So, you’ve got the got the idea, what’s next?
Every new business idea is based on multiple assumptions. It’s like an equation with dozens or hundreds of variables and lots of companies fail because they treat their assumptions as facts when they are not (speaking programming lexicon – variables are not constants 🙂 ). When a product is built based on the founders’ guesses – the risk of being wrong increases significantly. The more unknowns you have – the smaller the chances of getting it right from the first version of the product. How can you minimize the risks?
The core principle of the Lean Startup methodology is constant learning and iteration, a.k.a. “Build-Measure-Learn” principle. The goal is to minimize time (and effort) between iterations. A great approach is to capture your assumptions on a paper (I prefer putting everything on a whiteboard; some people use sticky notes and put them on the wall, or just on paper). I am a big fan of the Business Model Canvas as a way to capture my assumptions and start validating them one-by-one. Also, a great book I can recommend – “Business Model Generation” by Alexander Osterwalder, which describes in details and colour how to work with a Business Model Canvas (Buy on Amazon→).
The biggest and the riskiest assumptions of all (and the most common one) is – the problem you are trying to solve is indeed the problem. The more I talk to starting entrepreneurs, the more I see that this is the most popular assumption. Of course, it’s almost impossible to validate everything, but it will increase your risks. If rely on your guesses without validating them, it doesn’t mean you will fail, but looking at the startups success and failure stats – you can waste lots of your time, and depending on your financial situation you may not have enough time to fix the mistake.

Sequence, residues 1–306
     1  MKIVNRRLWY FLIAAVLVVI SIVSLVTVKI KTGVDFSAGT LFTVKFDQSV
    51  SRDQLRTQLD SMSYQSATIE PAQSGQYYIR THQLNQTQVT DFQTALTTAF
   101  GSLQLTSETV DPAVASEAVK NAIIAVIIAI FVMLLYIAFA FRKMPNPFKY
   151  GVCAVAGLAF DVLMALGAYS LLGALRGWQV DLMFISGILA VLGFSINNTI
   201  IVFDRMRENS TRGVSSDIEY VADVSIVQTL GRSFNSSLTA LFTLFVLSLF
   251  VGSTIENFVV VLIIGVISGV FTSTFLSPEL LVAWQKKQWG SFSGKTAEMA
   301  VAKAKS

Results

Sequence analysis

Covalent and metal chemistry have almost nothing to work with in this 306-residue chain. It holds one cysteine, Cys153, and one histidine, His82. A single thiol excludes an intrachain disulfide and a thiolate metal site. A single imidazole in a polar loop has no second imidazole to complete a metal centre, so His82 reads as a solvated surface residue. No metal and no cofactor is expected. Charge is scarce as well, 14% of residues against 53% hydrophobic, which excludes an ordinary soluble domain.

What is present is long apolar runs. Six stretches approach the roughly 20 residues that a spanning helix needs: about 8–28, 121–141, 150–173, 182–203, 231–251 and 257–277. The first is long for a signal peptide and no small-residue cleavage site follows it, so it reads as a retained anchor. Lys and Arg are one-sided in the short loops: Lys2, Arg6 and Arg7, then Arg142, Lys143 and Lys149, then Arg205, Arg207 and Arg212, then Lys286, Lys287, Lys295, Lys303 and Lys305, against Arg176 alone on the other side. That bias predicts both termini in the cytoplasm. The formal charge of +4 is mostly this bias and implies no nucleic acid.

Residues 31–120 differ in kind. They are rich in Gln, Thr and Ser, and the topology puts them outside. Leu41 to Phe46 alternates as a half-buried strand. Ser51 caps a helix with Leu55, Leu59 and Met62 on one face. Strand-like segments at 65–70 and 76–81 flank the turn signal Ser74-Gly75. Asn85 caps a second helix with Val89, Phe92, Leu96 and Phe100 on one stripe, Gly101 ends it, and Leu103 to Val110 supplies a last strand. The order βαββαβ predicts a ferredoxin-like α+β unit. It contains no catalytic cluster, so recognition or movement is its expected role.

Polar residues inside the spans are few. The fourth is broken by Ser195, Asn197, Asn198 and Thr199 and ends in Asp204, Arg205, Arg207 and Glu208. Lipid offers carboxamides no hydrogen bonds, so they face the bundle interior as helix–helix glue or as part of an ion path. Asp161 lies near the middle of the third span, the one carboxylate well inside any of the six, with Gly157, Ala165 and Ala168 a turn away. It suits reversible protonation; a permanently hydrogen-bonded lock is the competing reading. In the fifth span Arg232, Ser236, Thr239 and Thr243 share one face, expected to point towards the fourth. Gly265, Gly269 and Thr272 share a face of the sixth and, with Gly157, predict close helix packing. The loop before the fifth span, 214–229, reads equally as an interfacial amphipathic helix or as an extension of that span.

That being said, there are a few examples when people built very successful products relying on their personal real-life pains and experience, so their target audience was people like themselves. A very inspirational example is Basecamp. In brief, there was a small team that realized that some parts of their work process weren’t good enough, and they developed a product to address the problems they had. It turned out that there were a whole lot more companies (from various industries) who had exactly the same challenges. I love this story and believe that this is a possibility, but unless you are a “representative” of the large enough target audience, it is very risky to rely solely on your personal (or professional) pains.
To summarize, you want to define the most important assumptions, and test if you are right or wrong, one-by-one. In order to validate an assumption, you should think carefully how you can do this with minimum effort and time. This brings us to MVP term, which I will cover in a later post.